Even Brown's fellow militants were shocked by the attack. He avoided capture and harbored delusions of summoning a great Army of God to combat slavery. He had some success, but failed to incite a general slave rebellion. In 1859 he raided Harper's Ferry with his Grand Army of 21 people, and was promptly captured by Robert E. Lee, who had him tried and hanged.

A decade or two after Brown we had Carrie Nation, who went around Kansas smashing saloons and selling little pins with tomahawks on them. Ever since then, people with missions from God have come to Kansas.

We have Operation Rescue, a national anti-abortion group that descended on Kansas in 1991 to undertake a "Summer of Mercy." Supporters came out in thousands and chained themselves to fences, picketed, and generally made nuisances of themselves. The event culminated with a rally that attracted 25,000 people. These people were on missions from God.

Then, of course, there's Fred Phelps. It's kind of hard to describe Fred Phelps, really, because he's such a certified nutcase. Phelps seems to think that he's on a mission from God to hate everybody. Phelps and friends went and protested the singing of Handel's Messiah in Lindsborg, Kansas, because Lindsborg is known as "Little Sweden," and apparently Sweden is friendly to gays or something. The fact that Lindsborg has zero current relationship to Sweden apparently never crossed his mind.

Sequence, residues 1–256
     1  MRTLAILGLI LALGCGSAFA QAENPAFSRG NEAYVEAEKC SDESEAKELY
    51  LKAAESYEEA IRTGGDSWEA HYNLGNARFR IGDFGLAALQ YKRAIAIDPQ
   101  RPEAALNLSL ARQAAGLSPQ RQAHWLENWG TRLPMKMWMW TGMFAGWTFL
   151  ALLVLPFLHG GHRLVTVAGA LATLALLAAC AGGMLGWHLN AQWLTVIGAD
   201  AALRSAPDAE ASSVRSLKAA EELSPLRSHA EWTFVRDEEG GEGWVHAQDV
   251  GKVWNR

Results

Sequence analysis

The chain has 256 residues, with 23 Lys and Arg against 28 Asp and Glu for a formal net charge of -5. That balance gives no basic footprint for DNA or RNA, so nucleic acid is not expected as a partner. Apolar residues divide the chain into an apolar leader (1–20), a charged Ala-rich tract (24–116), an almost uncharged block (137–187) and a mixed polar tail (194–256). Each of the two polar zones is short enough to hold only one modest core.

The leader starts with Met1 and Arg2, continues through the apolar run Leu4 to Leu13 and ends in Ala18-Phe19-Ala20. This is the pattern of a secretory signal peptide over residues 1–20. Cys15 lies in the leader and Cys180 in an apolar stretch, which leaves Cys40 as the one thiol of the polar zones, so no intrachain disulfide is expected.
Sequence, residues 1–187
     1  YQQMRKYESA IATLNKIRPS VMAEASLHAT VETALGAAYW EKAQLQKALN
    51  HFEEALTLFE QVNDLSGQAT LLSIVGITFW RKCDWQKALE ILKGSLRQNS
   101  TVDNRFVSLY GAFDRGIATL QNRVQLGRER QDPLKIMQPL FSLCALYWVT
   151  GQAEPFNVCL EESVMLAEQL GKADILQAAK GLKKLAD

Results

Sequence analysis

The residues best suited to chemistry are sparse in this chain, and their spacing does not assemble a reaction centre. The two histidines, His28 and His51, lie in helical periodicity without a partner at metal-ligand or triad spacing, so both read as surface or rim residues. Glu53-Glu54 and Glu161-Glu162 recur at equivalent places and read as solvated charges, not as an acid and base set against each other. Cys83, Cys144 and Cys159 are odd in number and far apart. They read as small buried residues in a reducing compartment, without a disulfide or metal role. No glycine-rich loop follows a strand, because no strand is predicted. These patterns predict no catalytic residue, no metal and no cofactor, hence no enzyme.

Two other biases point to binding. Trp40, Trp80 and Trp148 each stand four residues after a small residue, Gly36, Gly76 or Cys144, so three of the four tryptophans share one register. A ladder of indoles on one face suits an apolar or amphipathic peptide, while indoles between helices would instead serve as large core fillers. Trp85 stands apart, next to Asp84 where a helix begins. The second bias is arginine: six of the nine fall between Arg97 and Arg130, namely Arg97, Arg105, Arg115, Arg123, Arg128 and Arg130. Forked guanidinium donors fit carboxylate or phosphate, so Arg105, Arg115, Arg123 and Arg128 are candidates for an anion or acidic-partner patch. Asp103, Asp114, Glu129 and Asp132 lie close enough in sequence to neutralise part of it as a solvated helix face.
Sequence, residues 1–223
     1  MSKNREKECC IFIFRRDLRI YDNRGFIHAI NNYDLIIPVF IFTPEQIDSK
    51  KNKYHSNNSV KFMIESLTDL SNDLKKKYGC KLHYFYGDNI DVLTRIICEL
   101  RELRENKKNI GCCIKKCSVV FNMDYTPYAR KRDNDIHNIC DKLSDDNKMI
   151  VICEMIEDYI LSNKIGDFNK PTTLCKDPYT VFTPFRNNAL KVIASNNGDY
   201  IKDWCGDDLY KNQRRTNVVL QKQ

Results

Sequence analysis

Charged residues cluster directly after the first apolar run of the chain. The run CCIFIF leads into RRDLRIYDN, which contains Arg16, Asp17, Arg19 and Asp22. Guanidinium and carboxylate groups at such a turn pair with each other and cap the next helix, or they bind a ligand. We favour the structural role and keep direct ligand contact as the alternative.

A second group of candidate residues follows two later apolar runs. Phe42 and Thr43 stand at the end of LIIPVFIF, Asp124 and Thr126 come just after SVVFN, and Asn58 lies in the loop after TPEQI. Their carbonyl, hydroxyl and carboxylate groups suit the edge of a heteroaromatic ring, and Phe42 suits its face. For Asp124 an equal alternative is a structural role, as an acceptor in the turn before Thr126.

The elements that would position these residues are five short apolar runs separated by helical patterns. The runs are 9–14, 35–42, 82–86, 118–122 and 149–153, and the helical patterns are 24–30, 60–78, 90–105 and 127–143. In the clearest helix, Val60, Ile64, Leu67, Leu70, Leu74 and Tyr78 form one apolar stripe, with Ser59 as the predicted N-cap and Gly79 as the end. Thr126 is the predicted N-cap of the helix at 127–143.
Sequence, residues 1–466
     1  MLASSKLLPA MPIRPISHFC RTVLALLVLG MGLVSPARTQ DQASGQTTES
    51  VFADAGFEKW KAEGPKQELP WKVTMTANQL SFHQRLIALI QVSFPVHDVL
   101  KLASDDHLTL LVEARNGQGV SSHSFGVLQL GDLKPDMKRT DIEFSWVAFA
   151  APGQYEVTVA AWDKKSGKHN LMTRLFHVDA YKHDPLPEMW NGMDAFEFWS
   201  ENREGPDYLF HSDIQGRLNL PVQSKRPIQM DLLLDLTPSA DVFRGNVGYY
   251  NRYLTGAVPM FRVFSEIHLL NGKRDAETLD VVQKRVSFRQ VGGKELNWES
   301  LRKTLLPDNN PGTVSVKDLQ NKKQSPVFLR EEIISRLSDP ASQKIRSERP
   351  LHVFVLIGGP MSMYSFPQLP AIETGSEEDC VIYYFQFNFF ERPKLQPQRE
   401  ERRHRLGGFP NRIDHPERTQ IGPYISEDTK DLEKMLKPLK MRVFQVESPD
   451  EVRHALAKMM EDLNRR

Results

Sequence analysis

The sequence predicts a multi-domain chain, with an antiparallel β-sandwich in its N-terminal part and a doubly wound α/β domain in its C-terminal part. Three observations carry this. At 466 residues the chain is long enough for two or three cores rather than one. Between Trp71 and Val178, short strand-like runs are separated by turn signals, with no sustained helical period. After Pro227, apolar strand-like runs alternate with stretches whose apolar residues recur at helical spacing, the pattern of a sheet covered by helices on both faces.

#3. Toto Loves Fast Food.

Why else would Kansas have spawned so many fast food restaurants? Two prominent national chains, White Castle and Pizza Hut, started on our humble plains. You can thank Kansas for that gem Harold and Kumar go to White Castle. You can also thank Kansas for such inspired marketing schemes as 'P'Zone' and 'Rip 'Em and Dip 'Em.' I mean, you can't get much more authentic than that.